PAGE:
Other adaptations pandered to their audiences: in Stand By Me, based on King’s novella The Body, Reiner excised the revenge taken on the younger boys by the bullies they outwitted in favour of a falsely upbeat conclusion. And the first half of the simplified film version of It refused to use the n-word, thus rendering a key scene ineffectual and puzzling and failing to display the racial animus directed at its African American character Mike Hanlon. No doubt the filmmakers deemed the younger demographic they were aiming for too sensitive to hearing racial epithets on screen. (The TV mini-series of It was, by comparison, merely undistinguished.) And, of course, there was Stanley Kubrick’s disastrous, self-indulgent adaptation of King’s The Shining, which didn't stick to the novel at all: an over-the-top Jack Nicholson played its protagonist, author Jack Torrance, as a loon from the get-go instead of letting the haunted hotel bring out the worst in him. That decision undermined everything King had been aiming for in his fine book. (The Outsider is being adapted into a ten-part mini-series scripted by the talented Richard Price, of Clockers, The Wire and The Night Of; it may fare better.)

André Holland and Sissy Spacek in Castle Rock.

In that light, the new Castle Rock TV series (Hulu, Global in Canada), which is executive-produced by King and takes place in Castle Rock, Maine, the setting of several of his novels and short stories, including the forthcoming Elevation, isn’t so much an adaptive misfire – it’s not based on anything specific by King – but just a deadly dull affair. I’ve watched the first three of the series’ ten episodes, enough to glean its many shortcomings and severe weaknesses.

The convoluted plot is set into motion when the retiring warden of Shawshank Prison (Terry O’Quinn) commits suicide, leaving his incoming successor to discover that for many years he has hidden away, in the bowels of the prison, a man with no identity or record. The warden coached that unknown prisoner to mention, upon discovery, one name, Henry Deaver (André Holland), a Texas-based criminal attorney -- who, as a child in Castle Rock, went missing for a while and is still suspected of killing his preacher father, who had gone looking for him.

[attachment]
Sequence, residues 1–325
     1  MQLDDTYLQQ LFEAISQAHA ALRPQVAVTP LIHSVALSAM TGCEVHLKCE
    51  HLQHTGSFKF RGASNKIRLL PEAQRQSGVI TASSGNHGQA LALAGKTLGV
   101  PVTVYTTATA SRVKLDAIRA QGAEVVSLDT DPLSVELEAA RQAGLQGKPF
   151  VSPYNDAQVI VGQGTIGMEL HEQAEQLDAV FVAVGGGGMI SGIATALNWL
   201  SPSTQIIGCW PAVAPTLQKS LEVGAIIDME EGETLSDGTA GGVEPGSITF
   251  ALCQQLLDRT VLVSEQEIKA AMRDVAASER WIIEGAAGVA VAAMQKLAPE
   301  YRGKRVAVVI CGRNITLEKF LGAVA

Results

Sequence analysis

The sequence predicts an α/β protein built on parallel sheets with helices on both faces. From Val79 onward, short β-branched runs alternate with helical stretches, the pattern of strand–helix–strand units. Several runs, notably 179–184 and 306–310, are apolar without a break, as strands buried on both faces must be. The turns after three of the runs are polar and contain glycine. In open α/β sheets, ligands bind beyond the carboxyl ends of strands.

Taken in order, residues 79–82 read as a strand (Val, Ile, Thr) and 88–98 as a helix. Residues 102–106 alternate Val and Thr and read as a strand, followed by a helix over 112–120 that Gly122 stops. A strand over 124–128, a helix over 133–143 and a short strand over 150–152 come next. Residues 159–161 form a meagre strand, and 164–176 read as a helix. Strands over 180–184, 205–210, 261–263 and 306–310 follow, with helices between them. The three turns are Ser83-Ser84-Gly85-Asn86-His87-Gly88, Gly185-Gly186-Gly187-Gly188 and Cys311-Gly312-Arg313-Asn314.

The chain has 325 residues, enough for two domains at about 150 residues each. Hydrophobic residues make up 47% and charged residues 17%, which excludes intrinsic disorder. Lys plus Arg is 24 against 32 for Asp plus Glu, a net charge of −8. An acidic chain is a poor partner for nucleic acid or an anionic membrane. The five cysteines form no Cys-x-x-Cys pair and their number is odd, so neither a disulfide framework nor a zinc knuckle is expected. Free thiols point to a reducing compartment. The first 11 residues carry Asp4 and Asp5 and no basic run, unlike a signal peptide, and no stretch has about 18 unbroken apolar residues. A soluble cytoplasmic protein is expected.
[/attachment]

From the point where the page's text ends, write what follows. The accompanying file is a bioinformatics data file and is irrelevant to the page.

The prisoner, played by Bill Skarsgård (the vicious clown Pennywise in the recent film version of It), may actually be the devil, but he’s not the only (ostensibly) disturbing presence in Castle Rock. Melanie Lynskey as a childhood friend of Henry, a drug addict who hears voices in her head, and Sissy Spacek as Henry’s dementia-afflicted mother are also significant figures in a mystery that Henry is determined to solve. I use that word lightly because I’m not sure too many viewers will care to follow Henry in his sleuthing as Holland, so good in the Steven Soderbergh period drama The Knick and in the penultimate section of Moonlight, seems so utterly disengaged from the material that the series can’t build up a compelling head of steam around his actions. The rest of the good cast is either wasted (O’Quinn; Frances Conroy from Six Feet Under as the warden’s blind widow; Scott Glenn as the retired cop who keeps Henry’s mother company, a similar role in many ways to his ex – cop in The Leftovers) or simply not given much of interestito do (Spacek, Lynskey, Skarsgård). And as horror tropes go, haunted places, scary visions, etc., Castle Rock is underwhelming at best.

It’s also a bit of a cheat as this TV incarnation of Castle Rock is labeled as a town with a dark soul, where bad things always happen. No dice: that’s actually King’s description of Derry, Maine, the setting of It, Dreamcatcher, and Insomnia, among others. By comparison, Castle Rock is just one of his settings, with no particularly nasty aspect ever accrued to it. (The show’s credits allude to It's taking place there, but it was a Derry-set novel through and through.)

Slickly produced, Castle Rock, created by Sam Shaw and Dustin Thomason, has been endorsed by King himself, but then the author is notoriously loathe to slam any of the maladroit adaptations of his oeuvre (aside from The Shining). But I’d say,Castle Rock is just more proof that Stephen King is best appreciated on the printed page.

Shlomo Schwartzberg is a film critic, teacher and arts journalist based in Toronto. He teaches film at Toronto's Miles Nadal Jewish Community Centre, the Prosserman Jewish Community Centre, and Ryerson University's LIFE Institute and just finished teaching a course at the University of Toronto's Continuing Education program entitled Sight & Sound: What Makes a Movie Great?, which will he will also teach, beginning in Feb. 2019. He will be lecturing on the films of Sidney Lumet, beginning July 25 at Prosserman JCC.